The Book Club

“I’ve just been reading about you in the bathtub. That is you in the bathtub, right? At least that’s how I read it.”

It’s Mom. Calling to check up on how I’m doing. She’s been worried about me since I travelled home to see her. She’s referring to a poem I wrote: A Body in the Bathtub.

“Yes, it is.” I search my mind for the poem, written almost two years ago.

“Well, I was at book club this morning, and we were reading Robert Frost, and I told them my daughter is a writer, and I was hoping you wouldn’t mind if I shared your work with them.”

“Of course not, Mom. You’re in a book club?”

Just two weeks ago, we were afraid we were losing her.

“We call it a book club, but we don’t actually read books – more poetry or short stories. Who knows if we’ll be around long enough for a book,” she chuckles.

“How about that,” she adds; “I said it out loud: My daughter is a writer. That’s what you are, right? “

I have to smile. Is that pride in her voice? I don’t know how to respond.

“I do write.”

“Anyway, I’m rereading the poems you left me and I think this one is about you being published, and how that has given you the incentive to live again.”

I wrote long before anything was published, but I appreciate her interest.

“I remember it to be about me connecting with Dad’s encouragement from beyond the grave,” I offer.

“Oh, yeah, your father is in it too. He always encouraged you.”

I feel like I’m in a bit of an altered reality. For years, Mom has been critical of my life choices, and Dad and my relationship was a little more complicated than she is suggesting, but anyway….Mom in a club discussing literary works, reading Frost – is very… unexpected.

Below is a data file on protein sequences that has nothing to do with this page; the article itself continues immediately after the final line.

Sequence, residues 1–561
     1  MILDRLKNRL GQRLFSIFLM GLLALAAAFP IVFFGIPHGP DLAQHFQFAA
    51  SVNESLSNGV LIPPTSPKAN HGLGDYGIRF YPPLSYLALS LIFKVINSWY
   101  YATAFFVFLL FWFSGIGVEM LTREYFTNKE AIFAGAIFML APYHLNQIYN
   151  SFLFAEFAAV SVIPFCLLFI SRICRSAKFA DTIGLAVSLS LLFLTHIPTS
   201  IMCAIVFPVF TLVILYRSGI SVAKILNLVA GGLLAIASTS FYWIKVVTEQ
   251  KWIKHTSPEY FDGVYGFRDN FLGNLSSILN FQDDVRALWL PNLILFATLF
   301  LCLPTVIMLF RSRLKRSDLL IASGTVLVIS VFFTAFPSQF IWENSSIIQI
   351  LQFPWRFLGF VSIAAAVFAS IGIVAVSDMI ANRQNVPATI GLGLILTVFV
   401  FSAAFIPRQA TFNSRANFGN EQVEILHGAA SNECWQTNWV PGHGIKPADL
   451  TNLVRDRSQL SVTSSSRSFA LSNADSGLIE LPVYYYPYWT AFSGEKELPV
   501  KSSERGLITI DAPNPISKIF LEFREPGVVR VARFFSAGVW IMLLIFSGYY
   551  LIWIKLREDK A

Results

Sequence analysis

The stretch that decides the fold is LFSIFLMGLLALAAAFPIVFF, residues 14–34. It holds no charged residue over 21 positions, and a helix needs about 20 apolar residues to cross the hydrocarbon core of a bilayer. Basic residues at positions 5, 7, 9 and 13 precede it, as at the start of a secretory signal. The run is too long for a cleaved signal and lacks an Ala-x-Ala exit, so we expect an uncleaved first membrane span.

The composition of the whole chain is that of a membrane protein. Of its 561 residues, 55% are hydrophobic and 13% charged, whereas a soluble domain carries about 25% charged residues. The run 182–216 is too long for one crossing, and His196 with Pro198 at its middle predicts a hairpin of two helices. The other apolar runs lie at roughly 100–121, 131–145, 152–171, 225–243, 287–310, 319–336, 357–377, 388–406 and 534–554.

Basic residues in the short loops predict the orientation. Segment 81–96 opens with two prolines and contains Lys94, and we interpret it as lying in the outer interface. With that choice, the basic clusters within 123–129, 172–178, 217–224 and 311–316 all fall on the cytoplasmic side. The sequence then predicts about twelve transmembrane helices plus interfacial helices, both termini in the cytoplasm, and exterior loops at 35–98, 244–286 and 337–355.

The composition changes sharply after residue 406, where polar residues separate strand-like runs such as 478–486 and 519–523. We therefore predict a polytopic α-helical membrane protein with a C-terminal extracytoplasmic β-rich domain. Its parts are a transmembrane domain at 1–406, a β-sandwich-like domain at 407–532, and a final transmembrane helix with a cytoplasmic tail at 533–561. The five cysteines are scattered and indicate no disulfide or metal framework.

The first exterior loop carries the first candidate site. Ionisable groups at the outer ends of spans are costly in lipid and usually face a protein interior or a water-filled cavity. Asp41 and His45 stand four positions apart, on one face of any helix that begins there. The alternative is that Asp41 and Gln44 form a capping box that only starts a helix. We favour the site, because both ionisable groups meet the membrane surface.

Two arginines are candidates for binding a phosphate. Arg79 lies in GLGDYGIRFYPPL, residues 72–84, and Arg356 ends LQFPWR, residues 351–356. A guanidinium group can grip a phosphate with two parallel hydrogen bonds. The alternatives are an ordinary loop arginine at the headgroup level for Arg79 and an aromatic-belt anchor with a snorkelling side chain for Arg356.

“You must be feeling well, Mom, if you’ve joined a book club.”

“Oh, I’m okay. I’ve just decided I can either lie here and feel sorry for myself, or I can get out and keep living. I went and watched the music downstairs this morning too. They had a couple of good singers.”

“How’s your, Mom?” Ric asks when I hang up.

“She’s joined a book club.”

He raises his eyebrows in disbelief.

“Got to hand it to her; she’s not a quitter.”

(Featured Image: Mom & Dad in earlier days. I’m guessing 35 years ago.)

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Permission to write, paint, and imagine are the gifts I gave myself when chronic illness hit - a fair exchange: being for doing. Relevance is an attitude. Humour essential.

13 thoughts on “The Book Club

  1. Wow, this made me tear up a little V.J.. That really is a huge thing, your Mom telling her book club that you’re a writer. I don’t know why it’s so hard for parents sometimes to tell their children that they’re proud of them, but it’s obvious that she’s proud of you, even if she doesn’t entirely “get it.”

    I’m glad your Mom is doing so much better, and I love that she’s doing something you never thought she’d be doing….😊 It sounds like she may be holding out an olive branch by showing interest in something you love….

    Liked by 1 person

    1. Funny thing is, she never got past grade 8, and always thought my pursuit of education was a waste of time (women should be wives and mothers, period). What an example she is setting by stepping out of her comfort zone and learning at her age. How to embrace life!

      Liked by 1 person

  2. Parents never cease to surprise us! I’ve always felt there was this “other” reality to my parents, but as I get older, I like I imagine they did, start to realize what is important; they were a generation of keep quiet, don’t discuss and now here is your Mum wanting to share your writing, I think a subtle way of saying how proud she is. So glad she is feeling better.

    Liked by 1 person

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